From the birding list perspective, the Cooper doesn’t represent a +1 having posted most recently from an encounter in Champaign IL (link here).
Hit the jump to see some more images from the Ampitheatre.
I am glad to be back home now. It was a rather long weekend with the two races at the start of the weekend and then ended with a long day at the Poodle Agility Nationals down at Purina Farm near St. Louis. By the time we made it home last night Linda and I were totally exhausted and the dogs were like potato sacks passed out on the RV bed. That is when you know you have officially got everything you possibly could out of an extended weekend – of course, that made the workday a lot longer to ugh. Luckily, I was able to get at least one post out while traveling leaving me with only one more to hit my monthly quota – might as well get that out of the way while I am thinking about it.
Take a look at this beauty of a bird…
All I can say is gorgeous. It may be due to the fact I am so fond of Halloween, but this has to be one of my favorite color palettes for a bird. Please overlook the composition and technical execution of this batch of photos. This particular specimen was hanging out in clearly the most tangled branch tree it could find to thwart my every effort to get a clean shot. Not sure what kind of tree this was, but it ended up not only providing excellent protection from The Beast, but it also looks quite menacing seeing as how some of the branches look like grey barbed wire.
We are still in bonus time here at blog headquarters. I was able to get my monthly quota in pretty quick this month thanks to a strong push out of the gate. That means we get some extra time to focus on subjects that have already been featured in a previous post. I’ve typed it once, I’ve typed it a hundred times, the greatest thing about being a birder photographer is every outing is like a new beginning. Even if you have a bird in your gallery, you can always try to improve your image. Better technical, more interesting posture or even unique behavior. Note, “birder photographer” was not a typo. It is amazing how many times the question comes up as to whether you are a birder or a photographer as if they are exclusive titles. With my brother Ron on this, we are answering this question with a resounding “Yes” from now on hehehe.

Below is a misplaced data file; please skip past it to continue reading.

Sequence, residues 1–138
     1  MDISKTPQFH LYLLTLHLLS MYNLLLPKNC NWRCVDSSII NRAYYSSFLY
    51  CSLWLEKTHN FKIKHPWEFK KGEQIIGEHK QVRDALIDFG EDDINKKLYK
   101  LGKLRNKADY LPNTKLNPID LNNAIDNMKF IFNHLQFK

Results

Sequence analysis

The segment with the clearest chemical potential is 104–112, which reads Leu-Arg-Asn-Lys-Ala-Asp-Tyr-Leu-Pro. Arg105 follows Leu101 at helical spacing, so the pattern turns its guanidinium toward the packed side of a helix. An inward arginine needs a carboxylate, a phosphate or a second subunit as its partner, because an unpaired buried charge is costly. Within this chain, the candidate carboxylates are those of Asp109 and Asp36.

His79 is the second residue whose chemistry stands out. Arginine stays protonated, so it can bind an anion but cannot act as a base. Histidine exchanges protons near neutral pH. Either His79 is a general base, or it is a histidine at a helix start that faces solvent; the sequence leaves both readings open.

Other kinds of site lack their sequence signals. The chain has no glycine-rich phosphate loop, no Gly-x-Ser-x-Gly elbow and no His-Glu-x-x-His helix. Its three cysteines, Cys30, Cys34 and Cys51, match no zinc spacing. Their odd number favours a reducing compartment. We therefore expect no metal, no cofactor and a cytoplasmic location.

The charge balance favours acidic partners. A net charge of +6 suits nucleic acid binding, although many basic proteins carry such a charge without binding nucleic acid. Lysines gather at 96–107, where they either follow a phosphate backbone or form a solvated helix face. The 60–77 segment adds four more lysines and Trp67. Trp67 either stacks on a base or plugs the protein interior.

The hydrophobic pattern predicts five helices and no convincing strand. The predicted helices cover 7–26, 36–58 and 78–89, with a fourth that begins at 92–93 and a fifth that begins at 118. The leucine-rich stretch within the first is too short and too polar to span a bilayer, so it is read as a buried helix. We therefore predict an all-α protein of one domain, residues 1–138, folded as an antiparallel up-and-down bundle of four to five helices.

So, welcome back to the blog…
… the Yellow Warbler. You may recall that this brightly feathered bird made its debut back on April 15th, 2015 (link here). Mr. Yellow from the previous post was found at Lake Andes in South Dakota. This new specimen was spotted on our trip to Colorado back in May of 2014. True to the statement above, I happen to like these first two shots better than the previous set (especially the first one).
Hit the jump to see a few more shots of the yella fella.
Apparently just changing whether it was a +1 or not is not sufficient to officially characterize my last post as bringing you something “different” – as in something other than a bird post. I base this on the number of emails that showed up from my loyal readers essentially stating changing whether it was a +1 or not “is not something different”. I can take a subtle hint (okay, maybe it wasn’t that subtle). As a form of appeasement, I officially bring you something that isn’t related to a bird. Instead, today’s feature is likely something that would EAT a bird given the opportunity.
Decided to do a quick check and sure enough, Foxes do eat birds so we can dispense with the likely. I must admit, that my bird knowledge far outweighs my Fox expertise. To the best of my knowledge bolstered by a healthy dose of Google searches, this specimen is a Red Fox. I was also able to find a few shots on the web that had the dark leg markings. That feature was confusing me a bit since our local Foxes do not seem to display that amount of darkness. The other interesting feature can be seen in the hindquarters.
Hit the jump to read a bit more about this encounter!